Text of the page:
Table 1.

Table of All Datasets with Search Values

(Letters correspond to the datasets established in table 1)

Dataset

0%

5%

25%

30%

40%

50%

60%

70%

75%

95%

100%

0

A

A1

A2

A3

A4

A5

A6

A7

A8

A9

A10

A11

A12

B

B1

B2

B3

B4

B5

B6

B7

B8

B9

B10

B11

B12

C

C1

C2

C3

C4

C5

C6

C7

C8

C9

C10

C11

C12

D

D1

D2

D3

D4

D5

D6

D7

D8

D9

D10

D11

D12

Table 2

Dataset

0%

5%

25%

50%

75%

95%

100%

0

E

A1

A2

A3

A4

A5

A6

A7

A8

F

B1

B2

B3

B4

B5

B6

B7

B8

G

C1

C2

C3

C4

C5

C6

C7

C8

H

D1

D2

D3

D4

D5

D6

D7

D8

Table 3

Each letter paired with a number represents one condition that must be tested by each program.

Appendix C

Raw Data

 

Searched for value

 

Search used

 

Number of elements in array

 

Average of row

Key for raw data below

Random

For all data from random arrays, each data point represents the average of 1000 runs using 1000 different random arrays. For each search value, every search used the same 1000 random arrays, but the 1000 arrays were different between search values. For RanBin and Random, there were 1000 runs on each of the 1000 arrays, and the average of all one million runs is shown.

100

1

5

25

50

75

95

100

0

100

Linear

36.2

40.921

49.885

67.036

84.905

97.42

101

101

72.29588

Binary

6.265

6.232

6.019

6.003

6.195

6.354

8

7

6.5085

RanBin (1000 avg)

5.887728

5.995563

6.329254

6.524723

6.486642

6.038911

7.720701

6.728629

6.464019

Random(1000 avg)

4.999793

6.527926

7.798838

8.093585

7.938542

6.510032

7.185795

5.711049

6.845695

EstBin

1

4.928

5.828

5.914

5.781

3.947

1

1

3.67475

Est

1

2.221

2.897

2.89

2.888

2.226

1

1

2.01525

1000: 1-1000

1

50

250

500

750

950

1000

0

1,000

Linear

370

403.779

527.347

685.394

837.754

968.305

1001

1001

724.3224

Binary

9.3

9.431

9.282

9.307

9.262

9.411

11

10

9.624125

RanBin (1000 avg)

9.172718

9.300086

9.758573

9.977423

9.752822

9.225938

10.975175

9.975595

9.767291

Random(1000 avg)

7.30911

11.130077

12.446807

12.759983

12.439991

11.045309

9.485426

8.051348

10.58351

EstBin

1

8.224

9.127

9.268

9.096

7.877

1

1

5.824

Est

1

3.254

3.527

3.604

3.506

3.169

1

1

2.5075

10,000

1

500

2500

5000

7500

9500

10000

0

10,000

Linear

3691

4005.238

5177.492

6866.562

8458.405

9702.34

10001

10001

7237.88

Binary

13.095

12.752

12.783

12.871

12.746

12.795

15

14

13.25525

RanBin (1000 avg)

12.538485

12.608171

13.100695

13.364917

13.171166

12.683484

14.364464

13.360973

13.14904

Random(1000 avg)

9.611969

15.723728

17.058388

17.423006

17.131926

15.793367

11.788359

10.358783

14.36119

EstBin

1

11.389

12.528

12.784

12.531

11.409

1

1

7.955125

Est

1

3.699

4.054

4.075

3.946

3.722

1

1

2.812

100,000

1

5000

25000

50000

75000

95000

100000

0

100,000

Linear

36701

40434.275

53272.408

68094.365

84178.807

96945.439

100001

100001

72453.54

Binary

16.282

16.14

16.143

16.124

16.02

16.166

18

17

16.48438

RanBin (1,000 avg)

15.857128

15.908077

16.491563

16.624851

16.448232

15.964562

17.690557

16.689483

16.45931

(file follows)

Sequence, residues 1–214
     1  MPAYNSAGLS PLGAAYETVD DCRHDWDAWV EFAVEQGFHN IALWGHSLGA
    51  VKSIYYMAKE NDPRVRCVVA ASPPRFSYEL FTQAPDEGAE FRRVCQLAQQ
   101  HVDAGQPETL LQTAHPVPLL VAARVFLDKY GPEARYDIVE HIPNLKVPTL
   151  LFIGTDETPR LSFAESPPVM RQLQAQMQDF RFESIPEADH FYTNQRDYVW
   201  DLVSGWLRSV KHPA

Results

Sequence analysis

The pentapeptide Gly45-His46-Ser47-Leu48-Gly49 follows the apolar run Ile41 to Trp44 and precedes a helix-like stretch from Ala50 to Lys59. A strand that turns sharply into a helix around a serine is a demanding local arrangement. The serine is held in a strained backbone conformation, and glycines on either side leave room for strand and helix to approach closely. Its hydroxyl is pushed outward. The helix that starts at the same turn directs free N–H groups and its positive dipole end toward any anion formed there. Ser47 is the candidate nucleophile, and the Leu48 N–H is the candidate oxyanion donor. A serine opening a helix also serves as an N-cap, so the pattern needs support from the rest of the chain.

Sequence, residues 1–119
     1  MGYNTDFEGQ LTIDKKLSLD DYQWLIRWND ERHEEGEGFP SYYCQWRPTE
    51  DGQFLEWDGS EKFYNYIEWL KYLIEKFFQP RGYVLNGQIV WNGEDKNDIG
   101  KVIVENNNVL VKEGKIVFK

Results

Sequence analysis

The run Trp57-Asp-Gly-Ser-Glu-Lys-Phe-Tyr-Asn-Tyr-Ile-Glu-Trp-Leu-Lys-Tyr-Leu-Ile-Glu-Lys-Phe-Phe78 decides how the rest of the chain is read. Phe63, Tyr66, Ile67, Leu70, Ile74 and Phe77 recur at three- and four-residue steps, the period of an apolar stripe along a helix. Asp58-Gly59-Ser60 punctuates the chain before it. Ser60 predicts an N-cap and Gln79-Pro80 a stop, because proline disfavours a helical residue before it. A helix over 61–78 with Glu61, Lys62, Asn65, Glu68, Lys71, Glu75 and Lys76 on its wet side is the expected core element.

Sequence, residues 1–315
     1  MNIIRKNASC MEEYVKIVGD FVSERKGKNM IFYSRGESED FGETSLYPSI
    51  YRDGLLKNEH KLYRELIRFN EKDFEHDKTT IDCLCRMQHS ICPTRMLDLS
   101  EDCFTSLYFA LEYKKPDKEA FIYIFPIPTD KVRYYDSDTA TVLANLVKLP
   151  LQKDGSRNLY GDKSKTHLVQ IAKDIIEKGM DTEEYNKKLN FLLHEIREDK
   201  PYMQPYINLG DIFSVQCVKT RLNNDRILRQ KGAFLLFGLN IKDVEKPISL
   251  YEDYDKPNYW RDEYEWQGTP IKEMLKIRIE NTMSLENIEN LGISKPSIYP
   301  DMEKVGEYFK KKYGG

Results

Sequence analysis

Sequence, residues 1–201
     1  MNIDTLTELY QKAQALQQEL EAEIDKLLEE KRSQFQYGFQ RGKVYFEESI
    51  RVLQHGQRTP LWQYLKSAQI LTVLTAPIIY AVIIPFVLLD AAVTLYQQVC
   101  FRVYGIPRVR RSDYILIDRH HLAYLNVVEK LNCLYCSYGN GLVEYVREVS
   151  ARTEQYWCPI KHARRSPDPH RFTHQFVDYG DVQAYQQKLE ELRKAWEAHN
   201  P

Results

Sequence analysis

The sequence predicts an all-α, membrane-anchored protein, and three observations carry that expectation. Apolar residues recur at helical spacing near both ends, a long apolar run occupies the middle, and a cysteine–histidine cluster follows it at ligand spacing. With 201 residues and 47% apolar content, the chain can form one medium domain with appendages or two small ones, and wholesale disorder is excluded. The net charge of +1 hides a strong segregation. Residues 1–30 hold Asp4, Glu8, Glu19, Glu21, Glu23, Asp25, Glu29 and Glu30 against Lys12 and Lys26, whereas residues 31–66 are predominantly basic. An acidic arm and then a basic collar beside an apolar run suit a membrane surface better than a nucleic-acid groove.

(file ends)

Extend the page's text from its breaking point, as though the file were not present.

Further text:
Random(1,000 avg)

11.906298

20.293071

21.721988

21.967444

21.677897

20.359816

14.090079

12.664054

18.08508

EstBin

1

14.787

15.952

16.08

15.825

14.889

1

1

10.06663

Est

1

4.1

4.347

4.306

4.249

4.163

1

1

3.020625

Consistent

For Linear, Binary, EstBin, and Est, only 1 run was needed, because the array is always the same, and the program would always yield the same result. For RanBin and Random, the average of 1000 runs was taken.

100

1

5

25

30

40

50

60

70

75

95

100

0

100

Linear

1

5

25

30

40

50

60

70

75

95

100

101

54.33333333

Binary

6

7

2

7

5

1

6

7

2

6

7

7

5.25

RanBin (1000 avg)

5.709

5.515

6.25

5.906

6.192

6.333

6.074

6.167

6.289

5.533

6.712

6.666

6.112166667

Random(1000 avg)

4.844

6.107

7.553

7.59

7.681

7.84

7.62

7.627

7.579

6.559

6.254

5.746

6.916666667

EstBin

1

1

1

1

1

1

6

1

1

1

1

1

1.416666667

Est

1

1

1

1

1

1

2

1

1

1

1

1

1.083333333

1000

1

50

250

300

400

500

600

700

750

950

1000

0

1000

Linear

1

50

250

300

400

500

600

700

750

950

1000

1001

541.8333333

Binary

9

8

2

8

9

1

10

9

2

10

10

10

7.333333333

RanBin (1000 avg)

8.962

8.936

9.428

9.445

9.64

9.524

9.611

9.461

9.378

8.77

9.996

9.997

9.429

Random(1000 avg)

7.034

10.66

12.188

12.163

12.213

12.315

12.246

12.237

12.407

10.793

8.433

8.082

10.89758333

EstBin

1

1

1

1

1

1

1

1

1

1

1

1

1

Est

1

1

1

1

1

1

1

1

1

1

1

1

1

10,000

1

500

2500

3000

4000

5000

6000

7000

7500

9500

10000

0

10,000

Linear

1

500

2500

3000

4000

5000

6000

7000

7500

9500

10000

10001

5416.833333

Binary

13

13

2

13

12

1

11

14

2

14

14

14

10.25

RanBin (1000 avg)

12.377

12.196

12.652

12.701

12.936

12.962

12.862

12.822

12.6

12.177

13.286

13.36

12.74425

Random(1000 avg)

9.444

15.094

16.737

16.765

16.869

16.96

17.012

16.951

16.656

15.351

10.714

10.474

14.91891667

EstBin

1

14

1

1

1

1

1

1

1

1

1

1

2.083333333

Est

1

2

1

1

1

1

1

1

1

1

1

1

1.083333333

100,000

1

5000

25000

30000

40000

50000

60000

70000

75000

95000

100000

0

100,000

Linear

1

5000

25000

30000

40000

50000

60000

70000

75000

95000

100000

100001

54166.83333

Binary

16

15

2

15

17

1

16

19

2

16

17

17

12.75

RanBin (1000 avg)

15.754

15.595

16.042

16.075

16.135

16.218

16.254

18.901

16.015

15.543

16.679

16.756

16.33058333

Random(1000 avg)

11.721

19.904

21.504

21.444

21.72

21.871

21.88

24.922

21.217

20.043

13.041

12.676

19.32858333

EstBin

1

1

1

1

1

1

1

1

1

1

1

1

1

Est

1

1

1

1

1

1

1

1

1

1

1

1

1

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Developing a New Search for Randomly Accessible Data

There are only two widely-used searches for randomly accessible data: linear search and binary search. I developed and created a new search and tested it against binary search, linear search, and variations of them.